Bronislaw Maj



Going On

Fourteen All Souls' in this city: already
I have my graves here: Ela, Piotr, Leszek,
Janusz, Staszek, Gwizdek - all
younger than me. Now I can safely
think of their lives: they're finished
and full, perfect just like a ripe
fruit full of juice. Unattainably beautiful
for those who like me - slovenly,
chaotic, from day to day - go on

Left Over

It passes - without sentiment and metaphysics.
I cut across the Rynek. On Szpitalna Street
glum workers, drunk from the morning,
lazily wreck an old town house, left over
from Polish days. The brick dust sinks in the mud
on the street. It's December, Tuesday, not long till
the holidays.

No one, everyone

No one wants my words
of love, no one needs words
of hate, of the inexhaustible miracle
of the world, no one. November wind, leafless
and loveless, passes relentless through the sleepless
city; they all listen, now it

Do I have a right?

Do I have a right to search through
time? through lost time? If so,
since when? My train thuds
over the crossings, I stand by the window
with my face in the damp wind: I see
drowsy towns emerge suddenly and -
and vanish as fast as if they'd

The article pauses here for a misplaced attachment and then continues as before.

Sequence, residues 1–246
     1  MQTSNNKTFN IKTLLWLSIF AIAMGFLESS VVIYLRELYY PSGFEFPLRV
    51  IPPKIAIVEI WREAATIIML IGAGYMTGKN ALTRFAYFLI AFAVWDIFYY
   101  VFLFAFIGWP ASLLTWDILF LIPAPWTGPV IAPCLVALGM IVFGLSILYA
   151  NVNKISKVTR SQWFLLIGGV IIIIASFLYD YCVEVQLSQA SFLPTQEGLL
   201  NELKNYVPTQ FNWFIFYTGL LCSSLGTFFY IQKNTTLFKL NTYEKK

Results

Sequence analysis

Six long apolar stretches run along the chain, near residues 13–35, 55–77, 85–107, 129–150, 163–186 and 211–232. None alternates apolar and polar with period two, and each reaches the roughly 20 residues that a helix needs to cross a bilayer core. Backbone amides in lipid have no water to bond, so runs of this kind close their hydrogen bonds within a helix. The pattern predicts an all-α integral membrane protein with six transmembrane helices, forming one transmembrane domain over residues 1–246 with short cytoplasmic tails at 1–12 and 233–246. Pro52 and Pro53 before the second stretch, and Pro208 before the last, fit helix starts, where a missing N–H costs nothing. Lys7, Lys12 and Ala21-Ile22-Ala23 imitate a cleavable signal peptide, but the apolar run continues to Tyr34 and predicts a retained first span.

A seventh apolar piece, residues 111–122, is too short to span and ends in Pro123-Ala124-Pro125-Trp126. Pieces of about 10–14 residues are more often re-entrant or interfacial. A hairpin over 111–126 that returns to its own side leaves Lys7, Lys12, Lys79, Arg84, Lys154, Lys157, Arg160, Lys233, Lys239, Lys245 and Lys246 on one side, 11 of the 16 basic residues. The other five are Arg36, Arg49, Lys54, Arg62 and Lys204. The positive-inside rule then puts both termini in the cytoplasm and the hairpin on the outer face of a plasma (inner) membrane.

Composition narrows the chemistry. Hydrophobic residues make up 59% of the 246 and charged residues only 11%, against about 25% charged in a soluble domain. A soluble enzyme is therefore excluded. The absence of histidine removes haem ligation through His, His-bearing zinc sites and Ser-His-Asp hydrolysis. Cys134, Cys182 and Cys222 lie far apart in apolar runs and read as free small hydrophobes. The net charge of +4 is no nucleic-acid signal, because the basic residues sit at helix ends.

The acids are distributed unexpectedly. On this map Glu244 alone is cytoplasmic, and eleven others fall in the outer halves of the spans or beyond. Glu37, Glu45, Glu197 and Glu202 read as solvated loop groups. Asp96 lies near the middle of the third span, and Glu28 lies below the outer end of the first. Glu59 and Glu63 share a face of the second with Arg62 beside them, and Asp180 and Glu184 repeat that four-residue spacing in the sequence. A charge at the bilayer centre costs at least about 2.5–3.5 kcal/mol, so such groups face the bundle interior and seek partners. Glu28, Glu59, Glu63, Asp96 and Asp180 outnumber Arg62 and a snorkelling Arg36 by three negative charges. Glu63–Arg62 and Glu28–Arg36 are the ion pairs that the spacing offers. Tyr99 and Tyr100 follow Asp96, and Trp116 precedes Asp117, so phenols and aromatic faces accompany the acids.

never been. O how much longer the fields last
in the sun, swarming with men and beasts
(August is harvest time in my country). This
palpable passing of full and independent forms
of life, do I - now do I have a right? Like
everyone who has just seen things
which will never now be his: a life
subject to the year's four seasons, to the uncurbed
seasons of the heart, to the Sundays
of a small town.

Translated by Katarzyna Kietlinska and David Malcolm. Katarzyna Kietlinska teaches composition at Oakland University. David Malcom is Professor of English at Olivet College and at the University of Gdansk. The originals of "Going On" ("Nadal"), "Left Over" ("Jeszcze"), "No one, everyone" ("Nikt, wszyscy") can be found in Bronislaw Maj, Zmeczenie [Krakow: Znak 1986]. The original of "Do I have a right?" ["Czy mam prawo?"] can be found in Bronislaw Maj, Wiersze (Warsaw: Mlodziezowa Agencja Wydawnicza 1980).


A leaf

A leaf, one of the last, parts from a maple branch:
it is spinning in the transparent air of October, falls
on a heap of others, stops, fades. No one
admired its entrancing struggle with the wind,
followed its flight, no one will distinguish it now
as it lies among the other leaves, no one saw what I did. I am
the only one.